Tag Archives: Tropical

Strangler Fig in Big Cypress Nature Preserve

Strangler Fig, Big Cypress Swamp, Florida Poster

Strangler Fig, Big Cypress Swamp, Florida.

In the photograph above, a strangler fig embraces a cypress tree in Big Cypress National Preserve in Florida. The strangler fig is (Ficus aurea) one of the most striking plants in the Big Cypress swamp in Florida. It grows around the host tree, actually strangling its host over time.

The strangler fig is an epiphyte, a plant that grows on another plant but is not parasitic, such as the numerous ferns, bromeliads, air plants, and orchids growing on tree trunks in tropical rainforests. However, the strangler fig is the only epiphyte that will affect the host in which it grows. The strangler fig grows very slowly as it matures, extracting water and nutrients directly from the atmosphere. As the plant gets larger, it may grow both up and down the trunk of the host tree. Eventually, the strangler fig will reach the ground and start growing more rapidly. The strangler fig encircles the roots of the host tree, eventually killing it. As the host tree rots away, a hollow void is left with the strangler fig standing alone.

Each of the 750 fig tree species found throughout the world are pollinated by a wasp specific to each fig, according to the Big Cypress National Preserve official website. The fresh waters of the Big Cypress Swamp, essential to the health of the neighboring Everglades, support the rich marine estuaries along Florida’s southwest coast. Protecting over 729,000 acres of this vast swamp, Big Cypress National Preserve contains a mixture of tropical and temperate plant communities that are home to a diversity of wildlife, including the elusive Florida panther.

Big Cypress National Preserve official website.

History of Big Cypress Swamp

The Fascinating Strangler Fig of Florida.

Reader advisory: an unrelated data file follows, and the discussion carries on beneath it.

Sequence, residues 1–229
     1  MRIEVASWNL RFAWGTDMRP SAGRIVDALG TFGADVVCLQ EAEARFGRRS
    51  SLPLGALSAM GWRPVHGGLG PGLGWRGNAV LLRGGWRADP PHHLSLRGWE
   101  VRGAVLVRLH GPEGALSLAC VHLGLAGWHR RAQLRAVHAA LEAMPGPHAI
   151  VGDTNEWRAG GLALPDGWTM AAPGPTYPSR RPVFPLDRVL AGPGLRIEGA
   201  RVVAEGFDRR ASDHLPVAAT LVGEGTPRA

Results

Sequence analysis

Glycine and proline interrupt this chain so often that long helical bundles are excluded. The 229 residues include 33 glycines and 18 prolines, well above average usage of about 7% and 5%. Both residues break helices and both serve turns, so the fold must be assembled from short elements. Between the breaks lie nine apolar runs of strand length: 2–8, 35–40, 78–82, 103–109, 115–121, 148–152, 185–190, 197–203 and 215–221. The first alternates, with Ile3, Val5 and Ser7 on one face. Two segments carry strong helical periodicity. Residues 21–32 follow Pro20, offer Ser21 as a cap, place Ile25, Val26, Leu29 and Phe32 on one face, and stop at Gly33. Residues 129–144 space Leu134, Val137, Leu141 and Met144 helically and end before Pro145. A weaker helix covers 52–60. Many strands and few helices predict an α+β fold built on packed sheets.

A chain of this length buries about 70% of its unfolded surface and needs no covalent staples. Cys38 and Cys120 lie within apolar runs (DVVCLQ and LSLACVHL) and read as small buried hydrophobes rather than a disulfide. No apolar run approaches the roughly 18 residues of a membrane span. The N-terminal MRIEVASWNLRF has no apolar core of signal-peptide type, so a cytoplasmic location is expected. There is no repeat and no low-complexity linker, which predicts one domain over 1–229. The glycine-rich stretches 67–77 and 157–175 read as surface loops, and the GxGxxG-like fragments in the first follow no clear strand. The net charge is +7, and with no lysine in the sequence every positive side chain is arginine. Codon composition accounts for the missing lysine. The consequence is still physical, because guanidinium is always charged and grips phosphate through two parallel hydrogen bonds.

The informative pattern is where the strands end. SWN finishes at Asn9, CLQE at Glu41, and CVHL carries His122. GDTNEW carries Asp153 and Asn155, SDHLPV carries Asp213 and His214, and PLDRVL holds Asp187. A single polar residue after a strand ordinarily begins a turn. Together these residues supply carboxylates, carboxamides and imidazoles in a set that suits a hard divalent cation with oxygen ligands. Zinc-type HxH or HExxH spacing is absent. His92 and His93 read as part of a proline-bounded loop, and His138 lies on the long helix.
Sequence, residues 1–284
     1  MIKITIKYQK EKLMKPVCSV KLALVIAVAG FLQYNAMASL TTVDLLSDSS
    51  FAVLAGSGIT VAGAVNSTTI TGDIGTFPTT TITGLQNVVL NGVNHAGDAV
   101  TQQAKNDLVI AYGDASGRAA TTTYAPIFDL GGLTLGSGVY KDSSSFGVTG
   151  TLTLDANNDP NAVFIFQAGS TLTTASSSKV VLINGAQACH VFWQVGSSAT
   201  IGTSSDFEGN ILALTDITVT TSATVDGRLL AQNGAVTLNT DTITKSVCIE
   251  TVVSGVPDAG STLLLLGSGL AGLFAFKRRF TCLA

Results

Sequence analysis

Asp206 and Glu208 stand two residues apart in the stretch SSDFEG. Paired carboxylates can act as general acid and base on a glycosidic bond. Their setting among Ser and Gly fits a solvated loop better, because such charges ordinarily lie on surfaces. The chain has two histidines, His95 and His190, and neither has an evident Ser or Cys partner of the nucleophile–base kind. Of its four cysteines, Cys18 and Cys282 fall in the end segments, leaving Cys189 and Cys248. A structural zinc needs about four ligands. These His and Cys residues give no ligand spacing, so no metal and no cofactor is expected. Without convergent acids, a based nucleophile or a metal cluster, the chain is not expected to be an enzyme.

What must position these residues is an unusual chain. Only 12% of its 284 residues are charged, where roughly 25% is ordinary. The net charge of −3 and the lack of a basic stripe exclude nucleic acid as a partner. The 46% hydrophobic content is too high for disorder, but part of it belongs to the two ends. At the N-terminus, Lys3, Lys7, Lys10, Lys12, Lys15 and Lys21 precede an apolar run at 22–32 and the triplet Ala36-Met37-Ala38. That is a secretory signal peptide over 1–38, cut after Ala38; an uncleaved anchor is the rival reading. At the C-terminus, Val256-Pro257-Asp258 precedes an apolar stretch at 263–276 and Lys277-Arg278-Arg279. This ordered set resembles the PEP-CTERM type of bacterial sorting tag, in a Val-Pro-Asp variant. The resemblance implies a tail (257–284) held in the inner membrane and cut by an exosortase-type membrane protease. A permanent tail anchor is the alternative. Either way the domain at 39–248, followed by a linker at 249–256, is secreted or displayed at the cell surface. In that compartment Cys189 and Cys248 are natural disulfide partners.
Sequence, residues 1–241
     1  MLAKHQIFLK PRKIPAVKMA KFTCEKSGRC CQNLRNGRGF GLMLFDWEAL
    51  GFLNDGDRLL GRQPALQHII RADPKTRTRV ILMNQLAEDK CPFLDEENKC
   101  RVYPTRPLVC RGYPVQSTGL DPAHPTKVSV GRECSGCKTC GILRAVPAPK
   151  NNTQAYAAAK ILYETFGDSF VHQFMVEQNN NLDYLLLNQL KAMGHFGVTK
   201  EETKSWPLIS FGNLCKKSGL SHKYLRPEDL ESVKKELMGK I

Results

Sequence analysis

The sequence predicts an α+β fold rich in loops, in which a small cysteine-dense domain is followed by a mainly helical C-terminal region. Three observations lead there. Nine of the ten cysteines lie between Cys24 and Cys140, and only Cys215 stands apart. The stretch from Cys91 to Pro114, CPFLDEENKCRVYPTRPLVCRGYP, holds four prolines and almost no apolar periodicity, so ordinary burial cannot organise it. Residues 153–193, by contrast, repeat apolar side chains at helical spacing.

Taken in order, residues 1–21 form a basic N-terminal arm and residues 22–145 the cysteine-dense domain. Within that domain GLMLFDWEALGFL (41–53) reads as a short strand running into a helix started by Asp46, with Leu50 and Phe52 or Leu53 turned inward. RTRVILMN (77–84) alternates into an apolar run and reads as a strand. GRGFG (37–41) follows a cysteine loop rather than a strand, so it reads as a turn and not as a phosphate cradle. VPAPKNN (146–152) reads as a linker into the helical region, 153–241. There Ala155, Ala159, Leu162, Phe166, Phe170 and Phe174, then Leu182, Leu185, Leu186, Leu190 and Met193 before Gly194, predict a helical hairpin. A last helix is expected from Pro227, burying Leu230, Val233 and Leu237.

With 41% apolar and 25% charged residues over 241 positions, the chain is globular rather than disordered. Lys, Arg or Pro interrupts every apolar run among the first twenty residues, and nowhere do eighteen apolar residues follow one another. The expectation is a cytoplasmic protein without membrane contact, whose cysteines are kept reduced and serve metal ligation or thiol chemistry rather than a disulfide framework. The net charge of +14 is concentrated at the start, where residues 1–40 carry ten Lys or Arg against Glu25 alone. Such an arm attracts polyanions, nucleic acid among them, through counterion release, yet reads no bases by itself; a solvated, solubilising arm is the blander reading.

Click on the thumbnails to see a full-size photo.

David Attenborough, BBC Wildlife:


Filed under Biology, Environment, National Parks, Natural History, Nature, Photography, Travel

Living at the Edge of an Active Volcano

Offering to Pele, HawaiianVolcano Goddess Postcard postcard
This bouquet of anthurium and ginger flowers  is a gift to Pele, the Hawaiian Goddess of fire, lightning, dance and volcanoes.  The bouquet was left at the edge of the summit caldera of Kīlauea in Hawaii Volcanoes National Park on the Big Island of Hawaii.  Kīlauea is one of the Earth’s most active volcanoes and is considered one of its most dangerous. Kīlauea and its Halemaʻumaʻu caldera were traditionally considered Pele’s sacred home, and Hawaiians visit the crater to offer gifts to the goddess.

My husband and I visited Hawai’i Volcanoes National Park in February 2011, but we were a month too early for the latest big show at Kīlauea when a crater floor collapsed in early March.  Scientists reported lava blasts 65 feet high in the volcano, and more than 150 small earthquakes have hit the region since the collapse.

The Big Island of Hawaii's Pu'u O'o crater is seen on Sunday, March 6, 2011. The crater floor collapsed on Saturday causing new eruptions along the east rift zone. (AP Photos/Tim Wright)

Despite the danger, or perhaps because of it, Kīlauea is the most visited tourist site in Hawaii.  From the house where we stayed in Hilo, we watched a new cruise ship arrive every day full of  tourists who were bussed to the volcano for a quick visit.

Steam rises from the summit crater of Kilauea Volcano in early February 2011. This is a view from the Thomas A. Jaggar Museum observation deck.

The crater appears harmless from the observatory deck at the Thomas A. Jaggar Museum, but the volcano can erupt suddenly as Hawaiians discovered in  1790 when a group was caught in an unusually violent eruption. Many were killed and some of their footprints in the lava can still be seen.

Plants take hold in a relatively recent lava flow west of Kalapana, Hawaii. This lava moved into a neighborhood of houses, destroying some and isolating others. You can see a plume of steam from the volcano in the background.

The Pu’u O’o cone now erupting so spectacularly has been continuously erupting in the eastern rift-zone since 1983, making it the longest rift-zone eruption of the last 200 years.

Lava surrounded this house, leaving it intact, but it has been abandoned.